The decade's most triggering comedy
As deep blue New York scrambles to metabolize the tens of thousands of illegal migrants who have flooded the state since last year, many residents say they want a southern border wall.
More than four in ten New York state residents — 41% — said they support a border wall spanning the entire length of the country’s southern border with Mexico, according to a Siena College Poll released Tuesday.
Even in New York City, 38% of city dwellers said they support a border wall.
Half of New Yorkers said they would oppose a border wall spanning the length of the southern border, the poll found.
The border wall was a key project of former President Donald Trump’s administration, but President Biden later scrapped efforts to complete the wall on his first day in office.
The illegal drug market and the economic consequences of welcoming so many illegal migrants were also issues addressed by the poll.
About 38% of New Yorkers said they believe the current migrants coming into the country are the source of much of the illegal drugs entering our country, the poll found.
Even more, 42%, said the migrants take more in resources than they return in economic activity or taxes.
About 31% said that many people trying to immigrate to the U.S. are “dangerous potentially criminal people,” according to the poll.
Meanwhile, about 35% said they believe many people trying to immigrate to the U.S. “just want free hand-outs from our government and people … and do not want to work.”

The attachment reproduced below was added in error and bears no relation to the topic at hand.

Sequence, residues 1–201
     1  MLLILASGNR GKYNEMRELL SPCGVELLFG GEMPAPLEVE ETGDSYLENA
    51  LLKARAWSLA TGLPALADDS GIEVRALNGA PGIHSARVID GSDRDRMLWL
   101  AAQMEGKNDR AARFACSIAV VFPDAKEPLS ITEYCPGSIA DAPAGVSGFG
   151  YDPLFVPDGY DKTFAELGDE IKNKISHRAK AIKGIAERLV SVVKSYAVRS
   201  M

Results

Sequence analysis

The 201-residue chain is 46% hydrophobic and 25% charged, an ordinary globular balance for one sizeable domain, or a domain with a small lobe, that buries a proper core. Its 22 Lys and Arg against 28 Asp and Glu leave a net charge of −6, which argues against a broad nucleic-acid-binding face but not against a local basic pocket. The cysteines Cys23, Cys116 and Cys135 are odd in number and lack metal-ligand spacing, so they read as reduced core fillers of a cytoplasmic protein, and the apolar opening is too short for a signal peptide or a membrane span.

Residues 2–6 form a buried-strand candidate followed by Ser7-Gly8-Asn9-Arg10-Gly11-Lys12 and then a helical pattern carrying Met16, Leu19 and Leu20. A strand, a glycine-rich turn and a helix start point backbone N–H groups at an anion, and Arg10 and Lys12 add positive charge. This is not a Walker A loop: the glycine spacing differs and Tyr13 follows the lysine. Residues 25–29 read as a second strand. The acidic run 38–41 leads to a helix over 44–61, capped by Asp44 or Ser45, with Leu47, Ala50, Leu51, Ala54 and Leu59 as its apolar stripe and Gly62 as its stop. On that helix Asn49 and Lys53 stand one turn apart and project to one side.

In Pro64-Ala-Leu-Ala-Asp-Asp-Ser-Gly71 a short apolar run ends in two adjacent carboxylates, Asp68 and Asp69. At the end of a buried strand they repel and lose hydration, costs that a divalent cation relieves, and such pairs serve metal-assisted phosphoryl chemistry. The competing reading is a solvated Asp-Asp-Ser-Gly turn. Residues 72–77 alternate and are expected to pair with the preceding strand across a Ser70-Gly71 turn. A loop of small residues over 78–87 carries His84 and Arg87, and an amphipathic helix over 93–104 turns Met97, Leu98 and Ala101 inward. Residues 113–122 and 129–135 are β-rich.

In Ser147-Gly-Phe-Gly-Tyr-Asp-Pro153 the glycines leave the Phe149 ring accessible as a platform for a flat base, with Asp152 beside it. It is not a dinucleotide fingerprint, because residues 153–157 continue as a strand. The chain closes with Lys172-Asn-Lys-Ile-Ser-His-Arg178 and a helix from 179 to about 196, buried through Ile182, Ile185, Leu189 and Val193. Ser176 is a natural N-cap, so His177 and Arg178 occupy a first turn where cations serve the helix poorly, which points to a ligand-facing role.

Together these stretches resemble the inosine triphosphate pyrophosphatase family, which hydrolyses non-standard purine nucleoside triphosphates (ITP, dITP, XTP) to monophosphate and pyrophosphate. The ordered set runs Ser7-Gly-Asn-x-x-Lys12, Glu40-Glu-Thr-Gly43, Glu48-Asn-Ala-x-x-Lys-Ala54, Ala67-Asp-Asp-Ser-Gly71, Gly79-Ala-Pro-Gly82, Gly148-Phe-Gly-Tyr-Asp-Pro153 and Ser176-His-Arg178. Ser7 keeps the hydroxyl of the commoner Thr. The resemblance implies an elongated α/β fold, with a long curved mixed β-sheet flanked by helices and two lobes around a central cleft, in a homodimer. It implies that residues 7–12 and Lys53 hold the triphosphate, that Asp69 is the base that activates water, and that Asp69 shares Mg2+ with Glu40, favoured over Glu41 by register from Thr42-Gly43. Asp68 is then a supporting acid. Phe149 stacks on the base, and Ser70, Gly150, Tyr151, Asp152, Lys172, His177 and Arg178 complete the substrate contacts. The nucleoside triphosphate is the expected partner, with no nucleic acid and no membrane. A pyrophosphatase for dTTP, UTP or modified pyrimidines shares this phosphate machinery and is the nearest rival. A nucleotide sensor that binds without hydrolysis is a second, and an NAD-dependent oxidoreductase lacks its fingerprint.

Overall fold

More than 110,000 migrants have arrived in New York City since last year, and 60,000 are still being housed on the city’s dime, causing officials to open additional homeless shelters.
Over the weekend, Adams announced budget cuts to the tune of billions of dollars due to the migrant crisis. All city agencies will be forced to reduce spending by 5% starting in November and 15% by next spring.
The city has already spent more than $1.2 billion on the migrants and is projected to spend up to $5 billion.
Biden’s Department of Homeland Security has since given New York City $140 million in federal funding to address the migrant crisis, but Adams has said it would take more aid to get the situation under control.
Migrants are also causing other headaches for New York besides overcrowding the emergency shelter system — some have caused public disturbances. Meanwhile, business owners in Manhattan say their businesses suffer significantly due to the chaos spilling onto the streets from hotels used as migrant shelters. Migrants have been spotted drinking and using drugs inside the hotels as well.
The Siena College Poll surveyed 800 New York state residents last week. The margin of error is plus or minus 3.8 percentage points.